Jerry Stitt, former Arizona head baseball coach (1997-2001): “The first thing is it’s such an honor to come find me and ask me to be part of the program. He had already won a National Championship and building a program for the ages, I was just honored. It was a great honor to go to practice with him every day and learn from him and be on the field. There is no way you can estimate the impact he had on student-athletes. The passion he shared with all of the players and all of us working with him carried on for a lifetime. It was a great honor for me to suit up with Coach Kindall. He's such a great role model for everybody. He was a man of solid integrity. He was the same whether we won or lost. It was always about learning from the moment and teaching and getting better every day. That’s what stuck with me for so long, and has stuck with every guy he touched. I will miss knowing I can see him anytime very dearly.”

Terry Francona, Arizona great (1978-80), Cleveland Indians Manager and a member of the ’80 National Championship team: “Some people talk the talk, he walked the walk. He lived his life just like you’re supposed to. It’s easy to say things, but he lived it. In a nutshell, he taught us not only to respect the game of baseball, but respect the people in the game. That was the most valuable lesson any of us learned. He taught us how to act and treat people. When you’re 18, you know the guy knows what he’s talking about. We knew he was a great coach. He kept us busy. We kept getting better every day. And, what was so special was after you got done playing for him, he keeps up with everybody. I can’t tell you how many messages he’s left me during the season, no matter if it’s going well or not. He lived life the way it was supposed to be lived.”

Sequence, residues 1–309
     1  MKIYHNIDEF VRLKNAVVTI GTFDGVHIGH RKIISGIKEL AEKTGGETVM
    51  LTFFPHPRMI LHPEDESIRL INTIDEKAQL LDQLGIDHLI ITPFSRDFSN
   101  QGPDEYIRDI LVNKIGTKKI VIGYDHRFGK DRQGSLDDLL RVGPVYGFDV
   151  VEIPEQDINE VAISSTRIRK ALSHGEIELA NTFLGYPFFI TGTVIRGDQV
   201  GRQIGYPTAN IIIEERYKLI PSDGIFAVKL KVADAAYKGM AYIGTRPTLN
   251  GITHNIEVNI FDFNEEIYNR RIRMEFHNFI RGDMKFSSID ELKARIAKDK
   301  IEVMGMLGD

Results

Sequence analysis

Chip Hale, Arizona great (1984-87), Washington Nationals Bench Coach and a member of the ’86 National Championship team: “Number one, it was an honor to come to a university like Arizona and play for a program that’s so storied. Coach Kindall gave me that opportunity. Little did I know, I was going to play for one of the top baseball instructors in all of college baseball, but more importantly, the number one man I know; an example of a husband, father and a professional. You think you know what you’re playing for, but it was more than I ever signed up for. This is a man, that at every point of his life, was an example for me going forward. When I left Arizona, I felt like I was as ready to get out in the world, whether it was baseball or something else, just from his examples. Any time things weren’t going well in the professional baseball world, whether I was playing, coaching or managing, I always got a call from him. It was just a little word of encouragement. He always had a nice, encouraging word for me. He always asked about my family. Whenever I needed that nudge, he was there to give it more. When things broke yesterday, I texted a bunch of the guys I knew from the UA. I said the number one thing was we were blessed to play for a great man and a wonderful coach.”

Ron Hassey, Arizona great (1974-76), long-time Major Leaguer and a member of the ’76 National Championship team: “I’ve known coach Kindall since 1972 when he recruited me. We stayed friends all the way up until today. Unfortunately, this is a sad day, especially for the baseball world, and especially at the University of Arizona. I think Jerry Kindall is one of the main reasons why Arizona baseball is where it’s at. He wasn’t just a coach; he taught us about life also. I think that’s very important about Jerry Kindall. He meant a lot to me since I was in his first recruiting class. I remember my dad telling me after we talked to him, this is the man to play for. That turned out to be the right move. Not just baseball, he taught you everything about life, on top of baseball. He was a very positive guy. He taught us how to be professionals. He taught us how to be a professional baseball player. It was an honor to have played for him.”